(A. Rowland, LL. B.)

The Presbyterian.
Many men wreck their lives by determinedly carrying out their own plans without reference to the plans of God. In an army every part, every brigade and regiment, must wait the commander's orders. If any battalion moves independently, though ever so heroically, it not only confuses the whole plan of battle, but brings disaster to itself as well in the end. So each individual must always wait for God's command to move. Keep your eye on the pillar of cloud and fire that leads. Never lag behind, but be sure you never run ahead. You can make the clock strike before the hour by putting your own hands to it, but it will strike wrong. You can hurry the unfolding of God's providence, but you will only mar the Divine plan unless you wait for Him. You can tear the rosebud open before the time when it would naturally open, but you destroy the beauty of the rose. So we spoil many a gift or blessing which God is preparing for us by our own eager haste. He would weave all our lives into patterns of loveliness. He has a perfect plan for each. It is only when we refuse to work according to His plan that we mar the web. Stop meddling with threads of your life as they come from the Lord's hands. Every time you interfere you make a flaw. Keep your hands off, and let God weave as He pleases. Do you think you know better than He does what your life ought to be?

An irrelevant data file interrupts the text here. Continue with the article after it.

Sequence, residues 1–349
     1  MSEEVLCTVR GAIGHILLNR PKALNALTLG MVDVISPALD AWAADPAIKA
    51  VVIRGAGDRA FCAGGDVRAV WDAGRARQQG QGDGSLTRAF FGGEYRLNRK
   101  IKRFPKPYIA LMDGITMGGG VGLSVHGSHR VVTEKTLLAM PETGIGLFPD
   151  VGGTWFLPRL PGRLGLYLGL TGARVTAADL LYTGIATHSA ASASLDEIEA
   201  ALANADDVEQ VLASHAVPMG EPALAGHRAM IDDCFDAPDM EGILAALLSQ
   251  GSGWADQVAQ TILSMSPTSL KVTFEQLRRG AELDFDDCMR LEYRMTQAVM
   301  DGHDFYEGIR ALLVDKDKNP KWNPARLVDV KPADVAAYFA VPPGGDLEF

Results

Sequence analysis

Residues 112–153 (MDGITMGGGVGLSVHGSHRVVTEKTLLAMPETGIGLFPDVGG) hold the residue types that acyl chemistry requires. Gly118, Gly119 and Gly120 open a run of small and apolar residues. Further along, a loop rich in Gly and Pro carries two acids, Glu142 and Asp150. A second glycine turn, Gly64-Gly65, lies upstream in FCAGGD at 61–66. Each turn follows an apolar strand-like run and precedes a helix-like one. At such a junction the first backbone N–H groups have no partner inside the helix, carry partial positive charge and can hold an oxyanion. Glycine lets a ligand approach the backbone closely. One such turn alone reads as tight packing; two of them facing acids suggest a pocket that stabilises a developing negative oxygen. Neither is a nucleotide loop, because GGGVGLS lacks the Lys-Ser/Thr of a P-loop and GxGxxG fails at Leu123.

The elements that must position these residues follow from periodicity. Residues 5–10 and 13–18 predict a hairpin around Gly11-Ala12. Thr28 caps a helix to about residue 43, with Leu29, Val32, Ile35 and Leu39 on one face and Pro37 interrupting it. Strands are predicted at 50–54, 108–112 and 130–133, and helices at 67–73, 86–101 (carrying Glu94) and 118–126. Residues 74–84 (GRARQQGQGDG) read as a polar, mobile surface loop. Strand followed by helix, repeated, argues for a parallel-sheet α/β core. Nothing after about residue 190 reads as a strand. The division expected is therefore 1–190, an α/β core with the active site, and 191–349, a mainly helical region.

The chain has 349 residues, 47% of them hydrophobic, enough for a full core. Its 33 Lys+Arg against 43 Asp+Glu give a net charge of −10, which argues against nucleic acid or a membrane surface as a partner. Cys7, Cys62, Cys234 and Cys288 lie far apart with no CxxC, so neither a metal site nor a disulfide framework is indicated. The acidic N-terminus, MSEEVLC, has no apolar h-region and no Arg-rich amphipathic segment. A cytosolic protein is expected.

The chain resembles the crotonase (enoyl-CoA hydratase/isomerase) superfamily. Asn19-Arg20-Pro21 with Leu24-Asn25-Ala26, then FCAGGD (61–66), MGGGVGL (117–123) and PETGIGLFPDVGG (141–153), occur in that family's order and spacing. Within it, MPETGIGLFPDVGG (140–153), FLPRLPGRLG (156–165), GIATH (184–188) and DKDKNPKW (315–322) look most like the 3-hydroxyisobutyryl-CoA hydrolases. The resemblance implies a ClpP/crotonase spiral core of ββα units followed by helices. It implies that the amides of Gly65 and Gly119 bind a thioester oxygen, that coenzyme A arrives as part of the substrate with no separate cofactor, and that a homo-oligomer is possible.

(The Presbyterian.)

Two things are considerable in a minister: his sufficiency and his authority. The people listen much to his sufficiency, but take little heed to his authority; and therefore come they to church rather to judge than to be judged, forgetting that many may be as skilful but none can be so powerful in binding and loosing as is the minister. A judge or a justice of peace may have less law in him than a private man, but be hath much more power, and they that appear before him regard his acts according to his power: so should it be in the Church. But men fear the magistrates that are under earthly kings, because the pains which they inflict are corporal; our hands, our feet, feel their manacles and fetters. And did but our souls as truly feel, as indeed they should, the pastor's binding and loosing of them, we would make more account of those offices than we do. And it were good we did so, for they so bind as that they can loose again; but if we neglect them, when our Lord and Master cometh He will command all contemners so to be bound hand and foot that they shall never be loosed again.